The actress shares that she’s “still grateful” even as she struggles with pain caused by Ehler-Danlos syndrome
Selma Blair posted a lengthy update on her health in an Instagram video Monday, where she shared that while she’s still in remission from multiple sclerosis, she’s in daily pain because she has Ehler-Danlos Syndrome.
“I hurt all the time,” Blair, 51, said. “I say that only for you people that hurt also. Like, I get it. And for all of us, just aging, it hurts. You have to stretch.”
But the problem for Blair, she explained, was that “It’s hard for me to stretch because of the Ehler-Danlos.”
Ehler-Danlos syndrome, or EDS, is a group of inherited disorders that affects connective tissue, like skin and the joints, the Mayo Clinic explains. Those with EDS often have “overly flexible joints and stretchy, fragile skin” — and this can lead to injuries, as “joints can move far past the normal range of motion. Joint pain and dislocations are common.”
“Your muscles just aren’t as stable,” the Cruel Intentions actress explained.
“So, the Ehler-Danlos makes me really, really, really stiff because I’ll pull my muscles too easily and then they’re like slack and sit there. So I get some injuries.”
But Blair shared that she takes it in stride, adding, “This is nothing that’s like horrible, scary stuff or anything. It’s just like one of those extra things that turns into a chronic thing, and you have to watch, because people think stretching’s so good for you, and I’m technically not allowed to stretch, because I’m always stretching.”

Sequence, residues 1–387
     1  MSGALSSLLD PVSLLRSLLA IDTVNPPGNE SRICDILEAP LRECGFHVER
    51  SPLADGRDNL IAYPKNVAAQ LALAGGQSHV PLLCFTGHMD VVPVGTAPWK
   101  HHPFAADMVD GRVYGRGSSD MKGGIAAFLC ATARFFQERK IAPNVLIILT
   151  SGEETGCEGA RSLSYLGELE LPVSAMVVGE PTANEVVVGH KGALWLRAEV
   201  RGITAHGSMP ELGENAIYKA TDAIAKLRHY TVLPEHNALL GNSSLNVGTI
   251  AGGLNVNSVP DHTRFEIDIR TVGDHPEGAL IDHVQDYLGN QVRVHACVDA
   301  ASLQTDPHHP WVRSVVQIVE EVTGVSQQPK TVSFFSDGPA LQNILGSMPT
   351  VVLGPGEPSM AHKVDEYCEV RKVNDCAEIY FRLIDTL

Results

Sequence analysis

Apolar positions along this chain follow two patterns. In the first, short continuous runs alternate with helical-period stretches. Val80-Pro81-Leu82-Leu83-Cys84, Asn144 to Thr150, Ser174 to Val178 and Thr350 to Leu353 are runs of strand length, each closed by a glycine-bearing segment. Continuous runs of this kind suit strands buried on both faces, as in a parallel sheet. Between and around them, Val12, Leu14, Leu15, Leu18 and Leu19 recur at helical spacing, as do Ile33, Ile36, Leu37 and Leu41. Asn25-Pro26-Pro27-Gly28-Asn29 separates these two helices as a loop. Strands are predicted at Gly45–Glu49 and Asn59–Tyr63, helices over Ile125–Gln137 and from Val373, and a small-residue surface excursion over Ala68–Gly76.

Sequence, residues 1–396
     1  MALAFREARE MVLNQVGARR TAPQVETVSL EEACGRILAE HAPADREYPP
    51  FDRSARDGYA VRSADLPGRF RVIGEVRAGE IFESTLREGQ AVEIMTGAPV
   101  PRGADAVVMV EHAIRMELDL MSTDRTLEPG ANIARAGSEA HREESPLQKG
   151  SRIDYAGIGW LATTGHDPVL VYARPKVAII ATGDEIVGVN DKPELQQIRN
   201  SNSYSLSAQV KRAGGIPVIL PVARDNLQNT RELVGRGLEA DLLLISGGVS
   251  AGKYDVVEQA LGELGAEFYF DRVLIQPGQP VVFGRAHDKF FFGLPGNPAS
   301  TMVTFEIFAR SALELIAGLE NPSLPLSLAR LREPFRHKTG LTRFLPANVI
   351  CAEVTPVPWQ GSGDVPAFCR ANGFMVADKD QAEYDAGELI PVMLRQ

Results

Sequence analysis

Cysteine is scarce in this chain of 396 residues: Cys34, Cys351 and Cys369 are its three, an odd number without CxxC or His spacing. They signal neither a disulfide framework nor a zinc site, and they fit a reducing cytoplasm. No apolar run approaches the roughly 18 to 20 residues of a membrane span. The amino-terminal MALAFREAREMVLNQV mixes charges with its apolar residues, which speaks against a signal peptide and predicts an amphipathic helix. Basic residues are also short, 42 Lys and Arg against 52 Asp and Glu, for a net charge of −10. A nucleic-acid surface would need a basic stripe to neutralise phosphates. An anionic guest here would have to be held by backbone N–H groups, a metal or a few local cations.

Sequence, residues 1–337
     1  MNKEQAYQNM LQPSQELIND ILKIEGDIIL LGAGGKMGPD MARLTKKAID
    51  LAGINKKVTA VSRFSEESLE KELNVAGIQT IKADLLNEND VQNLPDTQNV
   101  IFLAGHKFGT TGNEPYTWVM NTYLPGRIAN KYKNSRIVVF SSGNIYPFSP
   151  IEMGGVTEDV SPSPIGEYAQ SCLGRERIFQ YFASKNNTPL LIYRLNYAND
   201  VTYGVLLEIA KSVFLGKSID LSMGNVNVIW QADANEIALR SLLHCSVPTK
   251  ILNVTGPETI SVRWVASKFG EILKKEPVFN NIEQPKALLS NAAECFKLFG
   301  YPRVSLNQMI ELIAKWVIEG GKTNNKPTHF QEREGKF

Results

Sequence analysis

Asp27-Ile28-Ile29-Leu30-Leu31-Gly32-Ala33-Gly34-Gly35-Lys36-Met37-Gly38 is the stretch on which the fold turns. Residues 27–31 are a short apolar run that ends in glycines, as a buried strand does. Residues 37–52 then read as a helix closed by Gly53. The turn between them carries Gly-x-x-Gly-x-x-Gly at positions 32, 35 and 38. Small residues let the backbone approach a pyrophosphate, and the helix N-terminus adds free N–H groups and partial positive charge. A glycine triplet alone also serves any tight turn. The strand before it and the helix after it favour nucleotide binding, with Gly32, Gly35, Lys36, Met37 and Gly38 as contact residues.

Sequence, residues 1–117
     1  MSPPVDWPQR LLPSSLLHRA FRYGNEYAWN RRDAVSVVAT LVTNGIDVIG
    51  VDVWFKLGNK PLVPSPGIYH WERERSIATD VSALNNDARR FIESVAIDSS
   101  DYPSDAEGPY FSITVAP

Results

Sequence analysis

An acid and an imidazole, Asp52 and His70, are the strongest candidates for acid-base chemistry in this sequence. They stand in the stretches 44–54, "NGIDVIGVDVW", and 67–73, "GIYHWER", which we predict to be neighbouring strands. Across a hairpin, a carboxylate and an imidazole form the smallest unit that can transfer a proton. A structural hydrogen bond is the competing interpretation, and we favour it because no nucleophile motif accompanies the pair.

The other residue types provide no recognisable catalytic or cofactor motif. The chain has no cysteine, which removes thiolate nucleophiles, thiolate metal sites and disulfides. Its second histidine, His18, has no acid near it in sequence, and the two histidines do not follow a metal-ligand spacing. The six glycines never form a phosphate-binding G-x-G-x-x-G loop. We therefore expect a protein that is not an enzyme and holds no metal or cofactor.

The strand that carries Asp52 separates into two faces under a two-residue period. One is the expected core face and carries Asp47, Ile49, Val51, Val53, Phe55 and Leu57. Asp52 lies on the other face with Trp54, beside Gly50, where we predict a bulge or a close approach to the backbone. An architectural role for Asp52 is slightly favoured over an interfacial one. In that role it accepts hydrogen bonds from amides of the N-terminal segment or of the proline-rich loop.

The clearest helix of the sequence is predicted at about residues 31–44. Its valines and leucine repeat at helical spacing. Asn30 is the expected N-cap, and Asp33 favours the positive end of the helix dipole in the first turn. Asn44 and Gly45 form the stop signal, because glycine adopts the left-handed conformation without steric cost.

As for multiple sclerosis, Blair shared “The MS in fine. I’m still in remission.”
“I still get tired, I still am stiff, like, all the time,” Blair explained in the video, filmed while she sat upright in a bed getting an IV, which she said “helps so much.”
She’s due for an MRI and blood work to continue monitoring her MS, but overall, the Hellboy actress said, “I seem to be doing fine.”
In fact, the actress recently took a trip to Washington, D.C., with her son Arthur, 12, calling the trip — where they visited historic sites like the Lincoln Memorial and the World War II Memorial, “a beautiful time.”
“If I’m by myself, I do move and walk better,” Blair shared, adding, “I notice when I go out, it’s still very pronounced.”
As the Mayo Clinic explains, multiple sclerosis is a “potentially disabling disease” that impacts the brain and spinal cord, and happens when the immune system attacks the protective sheath that covers nerves.
Symptoms vary depending on the severity of the disease, but according to the Mayo Clinic “some people with severe MS may lose the ability to walk independently or ambulate at all. Other individuals may experience long periods of remission without any new symptoms.”
“I know it can look weird,” Blair said. “When I didn’t talk to anyone else that had MS…I didn’t know that it could come and go like that. I was used to things being a little bit more linear.”
As she joked, "I'm usually not faking, unless I just want to get out of school for the day."
And while Blair says “there’s no complaining” about her condition — “I am doing well" — she admits that “When people say, ‘What do you want to do with your life?’ It still makes me sad that I just want to sleep and then get on my horse and be better.”
“I’m a beginner every day. So it’s like, Groundhog Day — and I am doing really well [but]...I don’t know if I’ll ever have the coordination or balance or stamina that I want to.”
“Still lucky. Still grateful. Still okay,” she said, adding with a shrug, “But still a bummer.”
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